After that was a monster whose body was made of soap. His attack always involves blinding me with the soap and making me slip up. I lost my bombs in the battle, I have no idea where the monster is, and every time I try to attack, I slip. It wasn’t until the fifth time I tried to attack that I could use the slipping as momentum. The next time I came across the soapy monster, I slid across the soap and slashed through him, killing the monster instantly.

As I defeated the fourth monster, another monster sped by me and cut me up instantly. There was no way for me to properly time the monster’s attack with his speed, even if I slipped around with the soap. So I stood still. As the monster hacked away at me, I analyzed where he strikes from, where he goes after, and how he swings by for another attack. As he came to me, I held my blade out and stabbed the monster.

Now I’m gonna be a little tricky here. I’m going to have Tangent Zero generate my next enemy.

[Tangent Zero Result: Rooster and Virus]

After that, I began to feel ill. The battle took a lot out of me, and I could see chickens running around. I felt pain as the chickens pecked at me. I pass out. When I awoke, I saw a big bird-like monster and no chickens. The Rooster monster taunted me. It had me right where it wanted as its large talon pierced into me. The tiny chickens began to peck at me as the illness returned. The Rooster bragged on and on about his power to make me feel sick and told me that I will die soon. I couldn’t lift my sword to swing at it.

Holy crap! Why didn’t I think of using the dice before? These would be perfect for giving me a challenge. I’m actually stumped as to beating the monster without bringing up a deus ex machina. I do know its fatal flaw though. It’s very prideful, but I have no idea of how to take advantage of that. Let me say right now, this is some good storytelling gameplay right here. No need for dice, no need for numbers. Just two little images is enough to make a pretty tense fight. Kudos to you, Ben.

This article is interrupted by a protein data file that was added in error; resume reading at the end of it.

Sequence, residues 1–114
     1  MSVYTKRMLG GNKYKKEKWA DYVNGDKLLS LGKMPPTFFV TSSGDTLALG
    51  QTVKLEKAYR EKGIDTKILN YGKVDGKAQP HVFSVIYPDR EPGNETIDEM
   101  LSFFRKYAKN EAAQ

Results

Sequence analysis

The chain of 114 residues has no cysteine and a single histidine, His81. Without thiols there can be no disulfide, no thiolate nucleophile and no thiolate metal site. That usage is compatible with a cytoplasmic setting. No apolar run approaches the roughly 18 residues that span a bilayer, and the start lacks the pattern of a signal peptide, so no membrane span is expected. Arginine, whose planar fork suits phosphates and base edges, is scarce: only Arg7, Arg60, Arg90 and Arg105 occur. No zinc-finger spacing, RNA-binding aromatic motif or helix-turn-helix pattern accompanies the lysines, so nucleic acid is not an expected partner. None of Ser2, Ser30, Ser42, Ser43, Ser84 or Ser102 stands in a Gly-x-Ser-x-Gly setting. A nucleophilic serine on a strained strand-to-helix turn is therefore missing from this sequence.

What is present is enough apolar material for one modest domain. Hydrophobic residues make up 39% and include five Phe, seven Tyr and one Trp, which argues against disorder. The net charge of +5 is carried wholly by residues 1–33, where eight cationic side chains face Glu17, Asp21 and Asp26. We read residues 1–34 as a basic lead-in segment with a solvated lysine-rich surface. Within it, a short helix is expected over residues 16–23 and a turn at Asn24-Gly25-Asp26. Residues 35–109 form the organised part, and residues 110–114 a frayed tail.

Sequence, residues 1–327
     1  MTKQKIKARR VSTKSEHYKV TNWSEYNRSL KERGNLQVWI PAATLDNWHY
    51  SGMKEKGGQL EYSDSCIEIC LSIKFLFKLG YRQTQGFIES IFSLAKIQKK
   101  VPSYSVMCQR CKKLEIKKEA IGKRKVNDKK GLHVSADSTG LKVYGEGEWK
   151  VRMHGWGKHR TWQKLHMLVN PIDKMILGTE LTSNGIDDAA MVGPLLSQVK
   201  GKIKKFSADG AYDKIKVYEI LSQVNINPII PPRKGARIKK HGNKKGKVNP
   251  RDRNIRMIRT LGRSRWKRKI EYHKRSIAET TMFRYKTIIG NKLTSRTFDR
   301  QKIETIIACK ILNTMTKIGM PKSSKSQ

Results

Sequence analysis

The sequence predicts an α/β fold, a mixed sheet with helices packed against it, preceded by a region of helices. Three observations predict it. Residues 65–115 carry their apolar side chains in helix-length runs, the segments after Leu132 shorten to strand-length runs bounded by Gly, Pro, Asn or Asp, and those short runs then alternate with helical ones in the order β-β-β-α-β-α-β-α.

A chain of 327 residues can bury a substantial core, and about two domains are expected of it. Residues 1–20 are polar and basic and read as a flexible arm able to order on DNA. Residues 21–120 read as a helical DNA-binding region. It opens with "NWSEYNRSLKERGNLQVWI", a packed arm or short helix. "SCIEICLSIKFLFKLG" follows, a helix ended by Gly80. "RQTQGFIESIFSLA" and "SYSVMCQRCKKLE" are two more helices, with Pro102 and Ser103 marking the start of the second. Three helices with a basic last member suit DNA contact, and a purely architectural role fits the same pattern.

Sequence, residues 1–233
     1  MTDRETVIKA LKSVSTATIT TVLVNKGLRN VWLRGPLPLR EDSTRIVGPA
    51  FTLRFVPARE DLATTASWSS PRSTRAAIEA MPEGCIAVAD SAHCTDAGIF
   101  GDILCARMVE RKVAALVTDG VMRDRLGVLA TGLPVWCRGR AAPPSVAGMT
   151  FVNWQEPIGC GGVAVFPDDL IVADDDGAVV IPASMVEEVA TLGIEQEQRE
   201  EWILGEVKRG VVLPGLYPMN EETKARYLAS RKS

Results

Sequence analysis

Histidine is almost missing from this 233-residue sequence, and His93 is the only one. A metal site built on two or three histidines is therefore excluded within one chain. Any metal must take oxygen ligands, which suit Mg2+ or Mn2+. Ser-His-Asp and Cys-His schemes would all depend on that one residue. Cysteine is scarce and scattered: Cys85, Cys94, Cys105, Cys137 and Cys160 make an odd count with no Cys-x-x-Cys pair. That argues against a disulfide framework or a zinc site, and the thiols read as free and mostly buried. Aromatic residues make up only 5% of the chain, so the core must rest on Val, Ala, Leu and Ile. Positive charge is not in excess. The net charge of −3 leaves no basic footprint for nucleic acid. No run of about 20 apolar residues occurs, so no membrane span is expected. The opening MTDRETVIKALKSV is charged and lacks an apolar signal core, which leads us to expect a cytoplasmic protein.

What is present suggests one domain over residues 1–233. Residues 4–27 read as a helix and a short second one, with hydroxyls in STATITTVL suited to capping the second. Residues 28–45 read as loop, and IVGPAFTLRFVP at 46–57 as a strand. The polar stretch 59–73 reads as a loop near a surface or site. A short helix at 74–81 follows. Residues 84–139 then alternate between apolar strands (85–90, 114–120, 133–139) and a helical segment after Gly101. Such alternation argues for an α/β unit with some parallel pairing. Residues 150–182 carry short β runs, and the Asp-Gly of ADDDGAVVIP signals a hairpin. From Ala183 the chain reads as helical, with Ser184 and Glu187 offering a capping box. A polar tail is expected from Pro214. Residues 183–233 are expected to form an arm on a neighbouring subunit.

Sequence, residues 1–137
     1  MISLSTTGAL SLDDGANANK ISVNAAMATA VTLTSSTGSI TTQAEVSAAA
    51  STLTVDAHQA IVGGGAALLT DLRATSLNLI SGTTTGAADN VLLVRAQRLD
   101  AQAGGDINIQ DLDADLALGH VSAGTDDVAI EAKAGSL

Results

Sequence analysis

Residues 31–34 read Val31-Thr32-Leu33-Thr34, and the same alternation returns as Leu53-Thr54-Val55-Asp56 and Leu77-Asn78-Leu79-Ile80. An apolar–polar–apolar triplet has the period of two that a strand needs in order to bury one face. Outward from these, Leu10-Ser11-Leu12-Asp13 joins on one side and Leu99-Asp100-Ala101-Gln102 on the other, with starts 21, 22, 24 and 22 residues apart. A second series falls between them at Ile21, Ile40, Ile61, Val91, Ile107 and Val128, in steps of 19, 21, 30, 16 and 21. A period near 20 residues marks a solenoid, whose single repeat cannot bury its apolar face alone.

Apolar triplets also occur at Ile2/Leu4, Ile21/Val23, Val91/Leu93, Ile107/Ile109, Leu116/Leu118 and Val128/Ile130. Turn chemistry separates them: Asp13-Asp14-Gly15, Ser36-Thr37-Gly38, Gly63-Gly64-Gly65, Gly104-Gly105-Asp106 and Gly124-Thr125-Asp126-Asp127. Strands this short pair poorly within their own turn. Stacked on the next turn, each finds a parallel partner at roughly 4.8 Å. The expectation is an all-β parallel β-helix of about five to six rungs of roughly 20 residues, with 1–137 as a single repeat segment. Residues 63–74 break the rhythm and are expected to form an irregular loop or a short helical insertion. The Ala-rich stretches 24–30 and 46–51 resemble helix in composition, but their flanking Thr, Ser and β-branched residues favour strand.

As it gloated, I tried to lift my legs as high as they can. The rooster was too distracted for me to grab the tail feathers with my feet and pull downward with all my might. As the rooster slipped, his talon ripped out of my body and I was healed. I got up and while it fell down ranting about how impossible it was to beat him, I hacked away at him. Even though I turned him into chicken in a way the Colonel would appreciate, I do not wish to eat him lest I get sick again.

A flash of light blinded me. A monster that seemed to be fused with a camera was my next foe. Much like the soap monster, this monster had a nack for blinding me. However, he blinds me from far away, so I can’t reach him. By the time I recover my vision, he’ll just blind me again. My obvious solution as to close my eyes as soon as my vision returns so when he flashes, I’ll block it. However, the problem is seeing where he is. Fortunately, I can see his constant flashing through my eyelids and I manage to cut through him by walking right up to them.

The next monster was a fire monster, with flames so hot; he managed to melt my sword. The heat convections made it difficult to handle him in melee range, and any weapons I’d use in a ranged combat would prove to be feeble. I could try dousing him in water, but it would result in a very hot steam that would melt my skin right off. However, like all flames, it too had to die out. It seemed that the band of monsters that kidnapped my beloved seemed confident that the fire monster would kill me instantly.

The second to last monster was a being made of wood, who had rushed in right as the flame monster died. I have no weapons on me as it chucked heavy blocks of timber at me. My only chance was to grab the timber and throw them back at the monster. It worked for a bit, but I couldn’t fight wood with wood. The flame monster’s fires were dying out, but there was enough to get one last spark. I ignited the timber and threw it at the tree monster. It caught on fire and burned to death.